Galvanized by a Minneapolis police officer's killing of George Floyd on May 25, protests swept across the U.S. over the weekend as millions of Americans demanded greater accountability for racial bias by law enforcement and acts of police brutality.
On both Saturday and Sunday, peaceful demonstrations throughout the day transformed into chaotic scenes of violence and looting overnight.
During one especially tense moment on Saturday night, a T-Mobile in Seattle was destroyed and raided by a group of people.
While arresting an individual, one Seattle Police Officer employed an all-too familiar method of restraint: he forced his knee into the suspect's neck and held it there.
The officer that killed George Floyd did so by driving his knee into Floyd's neck and holding it there for over seven minutes.
The entire ordeal in Seattle was caught on camera by Crosscut photojournalist Matt M. McKnight, who posted the footage on both Twitter and Instagram.
The video showed that as the police officer drove his knee into the suspect's neck, multiple protesters off camera loudly demanded he remove his knee:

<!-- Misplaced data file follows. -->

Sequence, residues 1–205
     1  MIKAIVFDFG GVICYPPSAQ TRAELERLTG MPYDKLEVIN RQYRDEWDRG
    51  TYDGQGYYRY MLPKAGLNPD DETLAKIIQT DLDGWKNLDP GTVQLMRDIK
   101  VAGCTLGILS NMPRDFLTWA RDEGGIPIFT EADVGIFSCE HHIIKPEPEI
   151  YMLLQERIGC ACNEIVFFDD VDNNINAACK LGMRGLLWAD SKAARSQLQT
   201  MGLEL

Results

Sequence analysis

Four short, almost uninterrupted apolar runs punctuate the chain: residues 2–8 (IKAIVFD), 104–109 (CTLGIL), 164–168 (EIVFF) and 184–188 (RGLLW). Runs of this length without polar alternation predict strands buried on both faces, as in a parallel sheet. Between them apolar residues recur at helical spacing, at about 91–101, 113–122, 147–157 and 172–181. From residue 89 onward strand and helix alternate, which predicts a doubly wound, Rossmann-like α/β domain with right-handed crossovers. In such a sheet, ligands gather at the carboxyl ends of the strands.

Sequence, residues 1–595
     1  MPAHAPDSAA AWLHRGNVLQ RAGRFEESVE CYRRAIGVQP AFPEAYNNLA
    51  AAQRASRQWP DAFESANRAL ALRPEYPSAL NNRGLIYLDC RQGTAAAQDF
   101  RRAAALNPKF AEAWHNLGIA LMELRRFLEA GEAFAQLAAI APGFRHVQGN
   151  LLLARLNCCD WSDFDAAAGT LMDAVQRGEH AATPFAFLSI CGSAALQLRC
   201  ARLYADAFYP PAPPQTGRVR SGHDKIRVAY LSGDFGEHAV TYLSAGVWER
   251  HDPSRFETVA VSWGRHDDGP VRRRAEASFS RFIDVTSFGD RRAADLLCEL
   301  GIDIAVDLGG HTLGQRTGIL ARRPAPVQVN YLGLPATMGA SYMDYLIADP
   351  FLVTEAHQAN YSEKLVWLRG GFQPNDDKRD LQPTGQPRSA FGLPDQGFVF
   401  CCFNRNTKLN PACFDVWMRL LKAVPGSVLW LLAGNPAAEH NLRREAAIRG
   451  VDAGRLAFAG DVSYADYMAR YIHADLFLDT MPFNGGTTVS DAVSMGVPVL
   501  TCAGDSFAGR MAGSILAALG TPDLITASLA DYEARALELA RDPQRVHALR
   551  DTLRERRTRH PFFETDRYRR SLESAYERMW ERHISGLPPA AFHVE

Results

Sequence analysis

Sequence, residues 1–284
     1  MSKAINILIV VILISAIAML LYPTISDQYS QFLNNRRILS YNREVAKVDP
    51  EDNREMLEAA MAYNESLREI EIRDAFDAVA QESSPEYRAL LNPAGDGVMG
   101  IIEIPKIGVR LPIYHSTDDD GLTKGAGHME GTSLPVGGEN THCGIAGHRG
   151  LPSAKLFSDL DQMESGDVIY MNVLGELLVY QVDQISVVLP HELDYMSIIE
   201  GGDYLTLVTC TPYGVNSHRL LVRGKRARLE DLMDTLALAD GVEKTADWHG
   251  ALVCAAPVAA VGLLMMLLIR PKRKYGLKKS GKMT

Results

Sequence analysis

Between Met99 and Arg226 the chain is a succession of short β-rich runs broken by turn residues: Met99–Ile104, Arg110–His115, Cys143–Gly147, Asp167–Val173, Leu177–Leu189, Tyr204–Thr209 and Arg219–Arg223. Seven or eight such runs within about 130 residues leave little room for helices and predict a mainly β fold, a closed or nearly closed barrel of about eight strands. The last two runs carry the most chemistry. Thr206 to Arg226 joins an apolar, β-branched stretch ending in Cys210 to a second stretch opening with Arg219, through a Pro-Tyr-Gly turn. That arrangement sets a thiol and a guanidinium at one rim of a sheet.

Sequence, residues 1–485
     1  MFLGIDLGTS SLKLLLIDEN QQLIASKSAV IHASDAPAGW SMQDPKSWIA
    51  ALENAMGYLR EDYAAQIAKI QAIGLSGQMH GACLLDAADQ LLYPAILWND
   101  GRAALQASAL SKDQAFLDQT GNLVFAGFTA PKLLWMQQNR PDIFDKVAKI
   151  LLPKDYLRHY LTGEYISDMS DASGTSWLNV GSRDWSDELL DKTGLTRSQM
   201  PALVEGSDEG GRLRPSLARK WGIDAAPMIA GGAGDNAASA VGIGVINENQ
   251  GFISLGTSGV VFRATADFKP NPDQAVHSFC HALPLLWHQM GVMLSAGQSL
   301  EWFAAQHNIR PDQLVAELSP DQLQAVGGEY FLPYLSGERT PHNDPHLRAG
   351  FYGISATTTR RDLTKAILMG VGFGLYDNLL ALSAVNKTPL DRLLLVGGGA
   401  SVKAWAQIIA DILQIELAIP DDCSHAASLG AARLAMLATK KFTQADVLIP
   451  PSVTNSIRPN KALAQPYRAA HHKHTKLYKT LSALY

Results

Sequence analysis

"Get your f***ing knee of his neck."
The other arresting officer then used his hand to force his colleague's knee off the man's neck.
But the story took an even grimmer turn when, shortly after, McKnight posted a longer version of that same footage.
The longer video captured what appeared to be a pattern.
The same officer drove his knee into another person's neck just moments before he then ran over to restrain the victim seen in the original, shorter viral video. Twitter users were enraged when they saw the videos.
Many responses were appalled at the continued use of such a dangerous method.
For others, the tweet conveyed how avoidable Floyd's death was, just a week before.
Other tweets expressed a general feeling of hopelessness.
They felt the moment illustrated that a fundamental change to police conduct was still far away.
The weekend's protests produced multiple viral videos of high-intensity moments like this one. As unrest presses on, it's clear that smartphones will be a pivotal tool used to drive police accountability.